Building on bullpen success, Tyler Chatwood still sees himself as a starter

Colorado Rockies fans have become accustomed to the curious pitching results of Tyler Chatwood, watching him excel in his starts on the road and struggle at Coors Field.

It was a Tale of Two Chattys.

Across his first 20 starts of the season, Chatwood posted a 6-12 record with a 5.16 ERA in 111.2 innings. While his record on the road was slightly better (4-6 compared to 2-6), something just wasn’t quite clicking with the veteran pitcher, one of the oldest in the starting rotation at 27 years old.

Each of his starts almost always seemed to run the same course, with a great first few innings and then a subsequent breakdown.

At the beginning of August, manager Bud Black and his coaching staff looked to find a way to capitalize on that early-game success when they made the decision to send Chatwood to the bullpen.

For the first time since 2012 – his first year with the Rockies – Chatwood finds himself in a “weird” position in going back to the ‘pen. In the short time since Chatwood made the transition to a relief role, Black said he couldn’t be happier with the mentality his veteran has shown and the strides he’s seen already.

“He’s embraced that team attitude, and I think it’s great,” Black said. “I don’t know if anything has changed in his pitching style. If anything, he might be a little bit more aggressive pounding the zone, turning the ball loose with his fastball and the secondary stuff, knowing that it might be a shorter window. He’s got, all year long, very good stuff.”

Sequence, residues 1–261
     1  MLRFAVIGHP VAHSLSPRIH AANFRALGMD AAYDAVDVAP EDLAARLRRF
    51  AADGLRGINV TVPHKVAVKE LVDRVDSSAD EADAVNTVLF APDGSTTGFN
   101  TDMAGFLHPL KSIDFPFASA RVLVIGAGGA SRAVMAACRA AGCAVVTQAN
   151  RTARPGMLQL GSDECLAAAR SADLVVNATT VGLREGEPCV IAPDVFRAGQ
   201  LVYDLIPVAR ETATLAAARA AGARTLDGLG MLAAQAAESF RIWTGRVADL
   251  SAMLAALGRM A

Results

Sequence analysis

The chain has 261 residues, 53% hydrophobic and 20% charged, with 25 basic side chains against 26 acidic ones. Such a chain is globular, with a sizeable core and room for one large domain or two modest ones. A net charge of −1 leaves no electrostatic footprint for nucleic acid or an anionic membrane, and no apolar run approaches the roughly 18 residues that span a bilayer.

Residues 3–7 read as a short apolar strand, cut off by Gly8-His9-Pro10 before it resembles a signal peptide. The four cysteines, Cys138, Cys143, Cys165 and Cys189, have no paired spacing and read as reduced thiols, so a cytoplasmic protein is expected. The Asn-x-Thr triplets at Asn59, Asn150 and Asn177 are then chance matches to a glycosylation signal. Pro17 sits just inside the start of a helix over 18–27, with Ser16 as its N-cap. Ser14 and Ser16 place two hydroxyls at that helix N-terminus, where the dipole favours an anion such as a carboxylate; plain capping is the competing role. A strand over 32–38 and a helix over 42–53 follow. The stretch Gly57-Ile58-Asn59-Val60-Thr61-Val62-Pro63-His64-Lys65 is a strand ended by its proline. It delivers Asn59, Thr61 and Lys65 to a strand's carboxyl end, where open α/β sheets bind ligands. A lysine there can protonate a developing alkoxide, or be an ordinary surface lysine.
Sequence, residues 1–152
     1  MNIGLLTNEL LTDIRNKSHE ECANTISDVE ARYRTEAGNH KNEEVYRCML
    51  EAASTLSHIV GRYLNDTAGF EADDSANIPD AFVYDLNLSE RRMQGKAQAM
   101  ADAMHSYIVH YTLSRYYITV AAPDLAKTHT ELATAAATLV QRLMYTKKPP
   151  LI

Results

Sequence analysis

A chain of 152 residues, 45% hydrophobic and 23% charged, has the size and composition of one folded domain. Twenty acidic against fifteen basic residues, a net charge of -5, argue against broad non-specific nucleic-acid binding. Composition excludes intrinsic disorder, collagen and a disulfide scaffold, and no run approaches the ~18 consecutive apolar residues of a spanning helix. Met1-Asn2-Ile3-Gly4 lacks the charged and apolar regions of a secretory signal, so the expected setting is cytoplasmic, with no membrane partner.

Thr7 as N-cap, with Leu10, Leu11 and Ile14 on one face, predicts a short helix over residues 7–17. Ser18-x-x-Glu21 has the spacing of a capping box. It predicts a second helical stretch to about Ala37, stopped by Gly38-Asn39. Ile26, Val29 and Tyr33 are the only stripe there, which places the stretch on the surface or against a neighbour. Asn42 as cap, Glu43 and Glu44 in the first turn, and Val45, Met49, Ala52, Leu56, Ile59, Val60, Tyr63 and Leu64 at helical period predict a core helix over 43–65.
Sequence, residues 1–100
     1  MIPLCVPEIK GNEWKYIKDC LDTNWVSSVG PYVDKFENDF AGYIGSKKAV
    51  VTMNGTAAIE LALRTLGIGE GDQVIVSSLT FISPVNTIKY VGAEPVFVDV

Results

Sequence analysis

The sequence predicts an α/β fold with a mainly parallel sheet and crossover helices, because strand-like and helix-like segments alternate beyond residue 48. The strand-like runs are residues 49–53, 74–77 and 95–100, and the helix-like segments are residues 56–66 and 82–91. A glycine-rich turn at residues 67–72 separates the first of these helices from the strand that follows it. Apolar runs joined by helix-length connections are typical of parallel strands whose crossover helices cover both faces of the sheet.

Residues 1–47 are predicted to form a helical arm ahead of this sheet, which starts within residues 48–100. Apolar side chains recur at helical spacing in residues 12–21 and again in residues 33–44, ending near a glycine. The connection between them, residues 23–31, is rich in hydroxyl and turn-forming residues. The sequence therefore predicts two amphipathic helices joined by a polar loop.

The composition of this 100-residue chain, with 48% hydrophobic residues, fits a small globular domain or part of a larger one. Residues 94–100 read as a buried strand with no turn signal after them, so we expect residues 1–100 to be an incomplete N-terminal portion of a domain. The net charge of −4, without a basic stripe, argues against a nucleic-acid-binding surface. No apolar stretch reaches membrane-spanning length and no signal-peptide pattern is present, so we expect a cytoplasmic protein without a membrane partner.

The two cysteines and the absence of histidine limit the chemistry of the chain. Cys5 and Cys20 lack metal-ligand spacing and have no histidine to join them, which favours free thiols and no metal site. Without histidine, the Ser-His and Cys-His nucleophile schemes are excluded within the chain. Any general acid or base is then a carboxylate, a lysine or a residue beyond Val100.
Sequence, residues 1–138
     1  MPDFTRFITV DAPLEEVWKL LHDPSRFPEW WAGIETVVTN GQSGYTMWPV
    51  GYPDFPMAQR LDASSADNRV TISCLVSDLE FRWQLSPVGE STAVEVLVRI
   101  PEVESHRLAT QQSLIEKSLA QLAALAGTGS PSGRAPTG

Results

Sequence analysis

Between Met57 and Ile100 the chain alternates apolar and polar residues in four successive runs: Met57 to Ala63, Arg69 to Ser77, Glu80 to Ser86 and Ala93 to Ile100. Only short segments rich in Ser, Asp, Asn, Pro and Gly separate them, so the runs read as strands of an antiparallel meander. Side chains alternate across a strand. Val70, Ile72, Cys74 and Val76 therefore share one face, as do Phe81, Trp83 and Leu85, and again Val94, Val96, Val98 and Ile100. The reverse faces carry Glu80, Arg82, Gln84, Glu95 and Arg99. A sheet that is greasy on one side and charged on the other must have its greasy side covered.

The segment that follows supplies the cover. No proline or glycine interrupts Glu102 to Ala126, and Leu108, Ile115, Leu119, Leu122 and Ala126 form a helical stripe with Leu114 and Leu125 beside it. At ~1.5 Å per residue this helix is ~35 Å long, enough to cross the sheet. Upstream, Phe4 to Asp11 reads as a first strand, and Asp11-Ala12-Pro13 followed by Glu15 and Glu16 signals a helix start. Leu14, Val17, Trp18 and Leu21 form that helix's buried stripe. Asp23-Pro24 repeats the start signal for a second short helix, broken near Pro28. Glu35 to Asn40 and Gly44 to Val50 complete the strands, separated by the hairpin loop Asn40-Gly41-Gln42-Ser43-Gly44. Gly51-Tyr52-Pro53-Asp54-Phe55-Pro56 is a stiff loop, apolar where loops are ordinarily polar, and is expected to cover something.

Since the move, Chatwood boasts a 3.86 ERA across five games and seven innings. Heck, he even has a save – his first since 2012, when he pitched the 12th inning of a 3-2 win in Cleveland

Over the past few weeks, he feels like he’s taken hold of all the technicalities in his delivery.

“It’s a lot better. I think I figured my command out when I was still in the rotation. There are still some mechanical things I figured out by myself, but I felt good,” Chatwood said. “I’m working on just staying on line more. I just think my front side was flying open, and it kind of started last year when I hurt my back and I created a bad habit. I just had to get out of that.”

But now, instead of having a marathon mentality when he approaches games, “Chatty” has to focus his attention on the shorter sprints of the reliever relay race.

“Every time the phone rings, everybody kind of goes panicked if it’s them or not, but it’s all right,” he said. “You always want it to be you to pitch, so from that aspect, you’re hoping that it’s your turn every time the phone rings, but when the situation comes up, you kind of have an idea of who’s going in.”

As for his future on the mound and the role he’ll maintain from here on out–well, that’s a little bit up in the air right now.

“I think Chatty still sees himself as a starting pitcher, as do I, but we have five spots,” Black said. “With Tyler, he’s taken this and realizes his role presently is to help us win games. He’ll do whatever role that is.”

Chatwood, an unrestricted free agent next year, is a little more unsure about his future with the Rockies in the starting role.

“I don’t think I’ll be back in the rotation here,” he said. “But going into the offseason, I think that I’ll be out there on the free market as a free agent and as a starting pitcher.”

That’s not to say he won’t get a starting gig again elsewhere, though.

“I don’t think I’ll start here, but I think in the future I’ll be a starting pitcher.”

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